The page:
President Donald Trump and his Mexican and Canadian counterparts are likely to publicly tout signs of progress in renegotiating NAFTA when they meet in Peru on Friday, even if the hard details are not resolved.
Analysts say the anticipated nod of endorsement from the three leaders at the Summit of the Americas will be a likely prelude to a renegotiated North American Free Trade Agreement in coming weeks.
Negotiations between the three countries, previously mired by unpalatable U.S. demands, have made progress just as Trump's rhetoric against China's trade policies increased. Trump last week threatened tariffs on another $100 billion in Chinese goods after China retaliated with threats of its own tariffs on American agricultural and other products. That was in response to the Trump administration's earlier proposed $50 billion in tariffs on Chinese goods.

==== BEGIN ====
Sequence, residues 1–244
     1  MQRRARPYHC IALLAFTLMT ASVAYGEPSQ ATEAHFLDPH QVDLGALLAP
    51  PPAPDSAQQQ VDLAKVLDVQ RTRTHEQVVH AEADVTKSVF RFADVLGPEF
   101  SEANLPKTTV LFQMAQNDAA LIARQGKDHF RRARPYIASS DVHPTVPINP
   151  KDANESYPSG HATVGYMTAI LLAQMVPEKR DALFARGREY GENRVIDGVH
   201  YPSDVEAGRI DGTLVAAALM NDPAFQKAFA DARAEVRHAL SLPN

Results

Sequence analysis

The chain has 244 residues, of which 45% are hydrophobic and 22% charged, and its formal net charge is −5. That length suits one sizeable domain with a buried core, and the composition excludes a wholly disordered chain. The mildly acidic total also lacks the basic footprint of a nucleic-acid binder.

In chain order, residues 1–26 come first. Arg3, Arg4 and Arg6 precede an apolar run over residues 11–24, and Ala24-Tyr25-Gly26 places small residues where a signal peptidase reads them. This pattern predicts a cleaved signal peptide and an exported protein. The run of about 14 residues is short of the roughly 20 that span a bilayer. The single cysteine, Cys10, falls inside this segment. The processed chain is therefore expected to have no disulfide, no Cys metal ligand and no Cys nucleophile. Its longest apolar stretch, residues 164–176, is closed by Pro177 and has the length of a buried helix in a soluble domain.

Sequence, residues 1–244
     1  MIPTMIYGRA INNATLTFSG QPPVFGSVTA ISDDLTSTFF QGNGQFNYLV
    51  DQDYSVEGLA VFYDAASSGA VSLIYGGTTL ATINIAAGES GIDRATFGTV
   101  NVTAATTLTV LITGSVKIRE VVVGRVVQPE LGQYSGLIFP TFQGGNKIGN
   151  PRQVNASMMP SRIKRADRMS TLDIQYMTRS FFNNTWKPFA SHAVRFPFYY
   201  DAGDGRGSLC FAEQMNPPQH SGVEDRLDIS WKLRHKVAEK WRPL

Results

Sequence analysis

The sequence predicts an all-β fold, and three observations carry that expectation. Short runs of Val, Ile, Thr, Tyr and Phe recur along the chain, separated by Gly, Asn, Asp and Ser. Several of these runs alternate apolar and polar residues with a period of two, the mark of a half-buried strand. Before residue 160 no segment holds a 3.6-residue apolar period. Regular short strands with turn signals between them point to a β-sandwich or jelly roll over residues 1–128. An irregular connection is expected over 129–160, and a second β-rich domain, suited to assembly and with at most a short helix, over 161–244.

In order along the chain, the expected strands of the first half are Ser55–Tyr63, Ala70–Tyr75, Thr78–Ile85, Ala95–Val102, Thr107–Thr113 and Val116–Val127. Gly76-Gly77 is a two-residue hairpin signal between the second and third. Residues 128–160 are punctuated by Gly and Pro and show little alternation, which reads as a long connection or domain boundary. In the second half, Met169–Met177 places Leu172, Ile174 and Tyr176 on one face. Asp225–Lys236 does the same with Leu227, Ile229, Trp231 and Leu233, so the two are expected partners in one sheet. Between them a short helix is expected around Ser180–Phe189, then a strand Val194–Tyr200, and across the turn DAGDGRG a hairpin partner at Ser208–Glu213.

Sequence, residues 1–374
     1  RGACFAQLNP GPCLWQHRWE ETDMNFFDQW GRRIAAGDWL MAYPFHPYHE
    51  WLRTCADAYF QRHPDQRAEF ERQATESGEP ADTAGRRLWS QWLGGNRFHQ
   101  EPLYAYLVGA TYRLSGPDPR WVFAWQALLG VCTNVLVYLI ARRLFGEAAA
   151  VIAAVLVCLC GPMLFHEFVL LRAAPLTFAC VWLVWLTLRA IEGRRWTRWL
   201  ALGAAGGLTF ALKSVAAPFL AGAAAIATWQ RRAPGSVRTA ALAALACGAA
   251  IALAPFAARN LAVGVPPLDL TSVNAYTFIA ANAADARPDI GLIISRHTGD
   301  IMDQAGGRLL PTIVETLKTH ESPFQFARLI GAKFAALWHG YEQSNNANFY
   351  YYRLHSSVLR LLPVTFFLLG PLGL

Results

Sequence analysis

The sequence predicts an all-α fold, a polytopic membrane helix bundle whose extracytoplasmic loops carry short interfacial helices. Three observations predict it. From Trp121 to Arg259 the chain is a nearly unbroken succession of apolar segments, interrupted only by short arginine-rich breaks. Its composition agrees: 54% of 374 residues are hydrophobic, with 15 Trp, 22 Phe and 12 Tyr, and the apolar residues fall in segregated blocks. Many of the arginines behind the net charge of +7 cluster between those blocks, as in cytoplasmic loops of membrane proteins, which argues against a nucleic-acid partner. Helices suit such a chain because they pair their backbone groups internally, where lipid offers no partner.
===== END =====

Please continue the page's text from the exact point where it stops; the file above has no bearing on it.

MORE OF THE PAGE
As for North American trade, there has been an effort to reach an agreement in principle this month as election activity in Mexico ramps up ahead of a July 1 vote. There even appears to be progress on the thorniest issue — the U.S. demand for more NAFTA and U.S. components in automobiles.
"From a policy point of view, they all have an incentive to make this work. The Republicans need to demonstrate to the agricultural places in this country that are going to be important for the House and Senate races that trade policy is not going to just be hurting them," said Tom Block, Fundstrat Washington policy advisor.
Block notes that the farm states, which would be hurt by proposed Chinese tariffs on grains, are all Republican strongholds that had voted for Trump.
"I think that they're looking for a way of demonstrating that they're going ... to be tough on China but show they have an ability to walk and chew gum at the same time and they can be more accommodating toward NAFTA," said Block. "I think that's going to send a signal to the agricultural and business communities that 'we're going to be smart about this and not just blindly anti-trade.'"